A mathematical explanation of an increase in bacterial swimming speed with viscosity in linear-polymer solutions

Biophys J. 2002 Aug;83(2):733-9. doi: 10.1016/S0006-3495(02)75204-1.


Bacterial swimming speed is sometimes known to increase with viscosity. This phenomenon is peculiar to bacterial motion. Berg and Turner (Nature. 278:349-351, 1979) indicated that the phenomenon was caused by a loose, quasi-rigid network formed by polymer molecules that were added to increase viscosity. We mathematically developed their concept by introducing two apparent viscosities and obtained results similar to the experimental data reported before. Addition of polymer improved the propulsion efficiency, which surpasses the decline in flagellar rotation rate, and the swimming speed increased with viscosity.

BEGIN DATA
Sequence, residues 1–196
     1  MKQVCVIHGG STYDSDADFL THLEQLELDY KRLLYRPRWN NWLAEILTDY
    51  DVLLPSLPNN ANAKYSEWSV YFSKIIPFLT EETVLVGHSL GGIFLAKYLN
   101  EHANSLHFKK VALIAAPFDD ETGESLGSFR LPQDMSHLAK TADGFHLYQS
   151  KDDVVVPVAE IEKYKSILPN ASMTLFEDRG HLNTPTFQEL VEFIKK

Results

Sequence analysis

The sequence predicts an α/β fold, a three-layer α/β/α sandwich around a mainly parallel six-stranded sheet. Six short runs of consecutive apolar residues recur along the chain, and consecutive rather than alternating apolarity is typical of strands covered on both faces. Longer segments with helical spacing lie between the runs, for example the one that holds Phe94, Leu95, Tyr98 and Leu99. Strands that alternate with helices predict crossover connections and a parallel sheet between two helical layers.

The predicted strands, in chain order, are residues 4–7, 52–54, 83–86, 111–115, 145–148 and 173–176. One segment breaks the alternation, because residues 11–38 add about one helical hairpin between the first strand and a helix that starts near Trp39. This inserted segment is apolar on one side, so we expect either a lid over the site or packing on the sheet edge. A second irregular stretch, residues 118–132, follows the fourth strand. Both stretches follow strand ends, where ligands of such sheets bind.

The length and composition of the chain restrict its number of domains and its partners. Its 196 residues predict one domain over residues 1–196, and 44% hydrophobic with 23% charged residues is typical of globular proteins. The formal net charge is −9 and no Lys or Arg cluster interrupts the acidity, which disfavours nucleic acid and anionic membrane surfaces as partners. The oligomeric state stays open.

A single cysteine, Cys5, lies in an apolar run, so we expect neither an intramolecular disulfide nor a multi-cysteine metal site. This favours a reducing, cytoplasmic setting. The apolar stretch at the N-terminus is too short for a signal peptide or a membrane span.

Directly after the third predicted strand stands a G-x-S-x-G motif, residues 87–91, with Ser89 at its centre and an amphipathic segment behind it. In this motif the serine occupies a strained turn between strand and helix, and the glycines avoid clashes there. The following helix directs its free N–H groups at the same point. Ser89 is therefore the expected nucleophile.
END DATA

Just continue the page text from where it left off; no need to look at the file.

Publication types

  • Research Support, Non-U.S. Gov't

MeSH terms

  • Bacteria / metabolism*
  • Bacterial Physiological Phenomena
  • Biophysical Phenomena
  • Biophysics
  • Flagella / physiology*
  • Models, Biological
  • Models, Statistical
  • Models, Theoretical
  • Movement
  • Vibrio / physiology
  • Viscosity